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United Kingdom and Pennsylvania Affiliates Celebrate 30th Anniversaries

To commemorate their 30-year anniversaries of implementing the Parents as Teachers model in the United Kingdom and Pennsylvania, these affiliates gathered for two days of special events during National Parents as Teachers
Day in the U.S. and abroad. Day one of the celebrations coincided with PAFT National Network Day and featured a virtual network event via Zoom that provided the opportunity to hear from two Welsh PAFT programs, based in Caerphilly and Monmouthshire. 

Parents as Teachers National Center President, CEO Constance Gully delivered welcome remarks and updates on current research and development. Dr. Samantha Callan, director of the Family Hubs Network, served as keynote speaker.

On day two, in recognition of their dedication to families during the pandemic, UK (PAFT) parent educators and staff were invited to an in-person network event at the Flitwick Football Centre in Flitwick, Bedford. They gathered there to “regroup, reconnect, meet up with colleagues, catch up, communicate, share good practices and return to face-to-face relationships and visits.”

Back in the U.S., the Pennsylvania Parents as Teachers and Family Center Network celebrated its 30th anniversary at the Pennsylvania State Capitol in conjunction with Advocacy Day. The Parents as Teachers evidence-based home visiting model was introduced in Pennsylvania as one of the components of the Family Center’s “new way of doing business” – a philosophy, a process, and a place initiative.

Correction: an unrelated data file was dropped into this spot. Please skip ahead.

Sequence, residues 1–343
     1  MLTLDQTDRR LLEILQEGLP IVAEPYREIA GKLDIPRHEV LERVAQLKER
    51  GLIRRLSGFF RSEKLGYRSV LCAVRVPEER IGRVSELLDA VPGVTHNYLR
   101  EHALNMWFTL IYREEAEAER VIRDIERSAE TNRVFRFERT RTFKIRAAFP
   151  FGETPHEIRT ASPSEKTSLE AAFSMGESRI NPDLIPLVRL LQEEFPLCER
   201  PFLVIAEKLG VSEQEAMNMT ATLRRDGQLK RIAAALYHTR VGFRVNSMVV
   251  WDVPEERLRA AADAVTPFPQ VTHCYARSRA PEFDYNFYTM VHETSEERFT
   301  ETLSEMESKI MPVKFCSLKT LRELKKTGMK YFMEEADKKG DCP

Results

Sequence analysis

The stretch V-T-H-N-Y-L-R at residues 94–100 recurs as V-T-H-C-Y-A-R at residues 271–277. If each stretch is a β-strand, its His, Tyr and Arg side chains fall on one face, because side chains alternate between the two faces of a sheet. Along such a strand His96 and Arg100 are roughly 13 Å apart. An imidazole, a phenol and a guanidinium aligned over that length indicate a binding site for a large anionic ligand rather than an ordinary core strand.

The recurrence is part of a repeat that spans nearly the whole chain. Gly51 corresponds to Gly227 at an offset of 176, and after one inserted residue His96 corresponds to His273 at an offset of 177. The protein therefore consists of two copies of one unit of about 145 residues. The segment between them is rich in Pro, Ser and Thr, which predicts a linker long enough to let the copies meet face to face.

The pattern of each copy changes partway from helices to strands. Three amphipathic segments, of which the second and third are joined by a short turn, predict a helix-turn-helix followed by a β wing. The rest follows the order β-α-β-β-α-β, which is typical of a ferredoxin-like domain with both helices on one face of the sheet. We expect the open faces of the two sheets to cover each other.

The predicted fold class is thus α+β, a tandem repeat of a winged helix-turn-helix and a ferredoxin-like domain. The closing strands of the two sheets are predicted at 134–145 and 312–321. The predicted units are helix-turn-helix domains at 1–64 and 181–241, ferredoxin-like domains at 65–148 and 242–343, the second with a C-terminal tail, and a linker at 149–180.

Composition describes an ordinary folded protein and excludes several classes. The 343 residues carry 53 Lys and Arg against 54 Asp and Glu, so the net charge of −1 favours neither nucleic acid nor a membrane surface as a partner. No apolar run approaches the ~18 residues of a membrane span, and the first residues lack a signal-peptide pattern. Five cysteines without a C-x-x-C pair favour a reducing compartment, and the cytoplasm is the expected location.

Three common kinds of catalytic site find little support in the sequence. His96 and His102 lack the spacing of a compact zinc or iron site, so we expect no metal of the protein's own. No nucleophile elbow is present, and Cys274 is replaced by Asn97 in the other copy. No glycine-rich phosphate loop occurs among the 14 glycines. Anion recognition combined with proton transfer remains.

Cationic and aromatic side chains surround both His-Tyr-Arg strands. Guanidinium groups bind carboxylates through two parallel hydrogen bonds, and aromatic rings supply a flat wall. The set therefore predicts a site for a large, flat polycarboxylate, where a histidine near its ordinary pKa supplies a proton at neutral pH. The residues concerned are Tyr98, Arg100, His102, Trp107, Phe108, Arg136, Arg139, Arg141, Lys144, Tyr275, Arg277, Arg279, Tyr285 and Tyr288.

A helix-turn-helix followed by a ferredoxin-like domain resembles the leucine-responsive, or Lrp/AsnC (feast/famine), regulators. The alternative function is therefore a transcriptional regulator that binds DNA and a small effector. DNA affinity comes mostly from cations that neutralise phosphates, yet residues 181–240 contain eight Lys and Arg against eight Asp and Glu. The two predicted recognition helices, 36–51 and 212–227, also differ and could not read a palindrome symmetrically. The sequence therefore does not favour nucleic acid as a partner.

Pennsylvania Affiliates

Beginning with 13 pilot sites in 1992 and 1993, the number of Family Centers with Pennsylvania Parents as Teachers programs grew to more than 40 sites by 2004. There are now 56 Parents as Teachers affiliate programs with different “homes” in Family Centers, schools, and health and human service organizations throughout Pennsylvania.

Affiliates Across the Pond

Parent as Teachers was brought to the UK in 1991 by Pam Holtom, a school principal, who wanted to give more children the best chance of school and life success. Pam believed parents wanted the best for their children but often welcomed additional support to achieve their hopes. Having started in the school system, the program spread to three of the four nations of the UK, via Family Support and Early Help.

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